Our explorations in Monopoli are those of new residents. Our explorations through wider Puglia are purely those of tourists. Armed with suntan lotion, insect repellent, a good hat, walking shoes, bottle of water, GPS, and of course our cameras, every day or two we venture out. Another day, another charming village. We are fortunate that in Monopoli we are surrounded by several beautiful towns, all within an easy 30 minutes drive. We have yet to visit Martina Franca, but we were charmed by beautiful white Locorotondo, and enjoyed the views from Ostuni. We drive to these villages through the stone-walled olive plantations (groves might be traditional, but the word doesn’t adequately describe the sheer magnitude of the olive plantings down here), up onto the Murgia plateau and the Itria Valley to find these lovely white towns.
And on the way, just in this part of Puglia, we are treated to a peak at life as it might have been back in the 17th and 18th centuries. You see, this is trulli country. And to see trulli, you have to visit the town of Alberobello. Easy to get to, easy to find parking, good signposts to the “zona trulli,” Alberobello is a major tourist site. Because here you find a trulli community, with hundreds of trulli – the most dense concentration of these strange conical huts anywhere. These days of course, with UNESCO World Heritage site status, many of the trulli are souvenir shops, bed and breakfasts, and restaurants. And it is fascinating to walk the streets, looking at these odd constructions.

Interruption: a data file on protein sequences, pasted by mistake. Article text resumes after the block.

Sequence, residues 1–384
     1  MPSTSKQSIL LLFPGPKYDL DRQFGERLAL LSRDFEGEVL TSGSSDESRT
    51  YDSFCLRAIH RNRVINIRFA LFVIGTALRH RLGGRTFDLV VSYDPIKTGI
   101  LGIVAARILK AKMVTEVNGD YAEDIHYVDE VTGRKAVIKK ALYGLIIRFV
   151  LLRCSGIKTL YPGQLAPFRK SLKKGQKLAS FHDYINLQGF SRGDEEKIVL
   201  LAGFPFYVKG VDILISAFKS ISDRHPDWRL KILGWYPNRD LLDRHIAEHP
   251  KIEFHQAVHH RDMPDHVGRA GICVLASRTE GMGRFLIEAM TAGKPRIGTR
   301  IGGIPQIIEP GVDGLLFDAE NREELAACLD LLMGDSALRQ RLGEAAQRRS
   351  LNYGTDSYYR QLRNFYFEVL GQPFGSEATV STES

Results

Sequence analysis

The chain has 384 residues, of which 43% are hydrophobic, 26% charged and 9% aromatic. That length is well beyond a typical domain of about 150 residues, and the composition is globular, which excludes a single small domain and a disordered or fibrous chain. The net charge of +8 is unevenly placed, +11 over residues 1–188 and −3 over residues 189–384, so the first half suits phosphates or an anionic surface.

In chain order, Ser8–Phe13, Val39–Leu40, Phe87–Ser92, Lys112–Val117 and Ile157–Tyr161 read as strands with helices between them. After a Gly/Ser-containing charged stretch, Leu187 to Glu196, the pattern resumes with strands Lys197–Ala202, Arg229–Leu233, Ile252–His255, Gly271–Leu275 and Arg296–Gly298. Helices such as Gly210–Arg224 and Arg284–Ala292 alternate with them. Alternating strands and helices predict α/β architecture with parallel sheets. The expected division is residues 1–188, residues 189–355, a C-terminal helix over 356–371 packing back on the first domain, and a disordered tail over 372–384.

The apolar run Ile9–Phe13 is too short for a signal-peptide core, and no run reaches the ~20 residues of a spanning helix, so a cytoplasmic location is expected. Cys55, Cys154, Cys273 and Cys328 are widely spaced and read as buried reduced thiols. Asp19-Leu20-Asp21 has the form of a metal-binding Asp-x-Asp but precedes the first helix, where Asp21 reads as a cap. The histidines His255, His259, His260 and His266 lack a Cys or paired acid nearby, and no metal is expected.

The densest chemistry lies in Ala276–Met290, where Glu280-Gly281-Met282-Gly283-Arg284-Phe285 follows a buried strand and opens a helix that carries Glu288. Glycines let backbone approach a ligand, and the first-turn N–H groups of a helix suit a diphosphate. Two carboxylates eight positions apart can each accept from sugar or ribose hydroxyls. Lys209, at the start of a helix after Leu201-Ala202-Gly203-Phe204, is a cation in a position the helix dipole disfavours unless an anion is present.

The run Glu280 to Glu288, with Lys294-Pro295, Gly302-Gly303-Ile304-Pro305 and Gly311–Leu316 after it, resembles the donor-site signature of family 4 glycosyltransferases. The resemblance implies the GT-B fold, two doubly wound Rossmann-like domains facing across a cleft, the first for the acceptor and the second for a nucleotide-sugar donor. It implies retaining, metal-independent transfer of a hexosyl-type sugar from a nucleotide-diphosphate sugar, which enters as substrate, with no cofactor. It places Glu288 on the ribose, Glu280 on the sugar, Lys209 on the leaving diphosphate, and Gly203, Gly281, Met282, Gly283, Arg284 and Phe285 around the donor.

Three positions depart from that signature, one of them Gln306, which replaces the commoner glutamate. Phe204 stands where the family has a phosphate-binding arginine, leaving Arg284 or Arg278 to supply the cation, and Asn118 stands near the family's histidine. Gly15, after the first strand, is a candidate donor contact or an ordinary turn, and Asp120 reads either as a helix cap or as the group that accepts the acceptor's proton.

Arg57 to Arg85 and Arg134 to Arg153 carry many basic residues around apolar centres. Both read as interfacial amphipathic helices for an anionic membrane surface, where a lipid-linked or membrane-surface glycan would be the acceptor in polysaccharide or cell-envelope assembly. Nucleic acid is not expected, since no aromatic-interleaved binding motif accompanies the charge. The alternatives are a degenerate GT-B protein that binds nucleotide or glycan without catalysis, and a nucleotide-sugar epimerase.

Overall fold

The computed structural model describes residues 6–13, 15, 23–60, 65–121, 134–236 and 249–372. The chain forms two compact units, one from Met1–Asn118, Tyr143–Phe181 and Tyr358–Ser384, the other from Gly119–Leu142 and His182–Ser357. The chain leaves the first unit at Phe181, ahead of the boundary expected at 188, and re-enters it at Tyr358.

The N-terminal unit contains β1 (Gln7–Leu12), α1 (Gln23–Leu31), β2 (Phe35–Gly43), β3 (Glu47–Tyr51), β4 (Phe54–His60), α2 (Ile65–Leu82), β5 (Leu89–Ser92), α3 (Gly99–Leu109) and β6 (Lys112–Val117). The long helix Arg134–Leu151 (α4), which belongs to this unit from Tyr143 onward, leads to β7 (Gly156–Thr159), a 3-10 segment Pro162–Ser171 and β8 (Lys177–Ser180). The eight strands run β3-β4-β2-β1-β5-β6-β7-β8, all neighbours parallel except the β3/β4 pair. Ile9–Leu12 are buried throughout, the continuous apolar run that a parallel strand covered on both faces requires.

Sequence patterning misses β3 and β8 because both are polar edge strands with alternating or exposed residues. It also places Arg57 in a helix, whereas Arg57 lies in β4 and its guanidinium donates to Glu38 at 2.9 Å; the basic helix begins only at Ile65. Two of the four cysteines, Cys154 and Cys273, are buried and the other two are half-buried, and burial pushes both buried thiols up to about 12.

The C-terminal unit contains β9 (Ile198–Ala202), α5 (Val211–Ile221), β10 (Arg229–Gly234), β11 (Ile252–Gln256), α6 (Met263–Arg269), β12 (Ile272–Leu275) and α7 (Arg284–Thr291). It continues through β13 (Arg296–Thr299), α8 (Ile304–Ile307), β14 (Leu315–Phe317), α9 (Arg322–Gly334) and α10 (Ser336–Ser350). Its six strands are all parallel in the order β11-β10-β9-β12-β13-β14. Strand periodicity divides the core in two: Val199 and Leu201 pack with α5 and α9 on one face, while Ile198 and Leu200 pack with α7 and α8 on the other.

But the trulli aren’t limited to Alberobello. Drive anywhere in the Bari region, and you will find trulli scattered amongst olives and vines. Trulli form part of farmhouses, and are renovated for hotels, bed and breakfasts, and rental accommodation. Dilapidated trulli appear to be protected, left in natural states of disrepair in fields, under trees, overgrown with prickly pear cacti, or surrounded by vegetable plantings. They are most prevalent on the plateau, but they are in fact scattered over the entire province, right down to the coast. We enjoy all these sightings, spying a trullo when we least expect it, just as much as (or perhaps more than ) at the World Heritage site at Alberobello.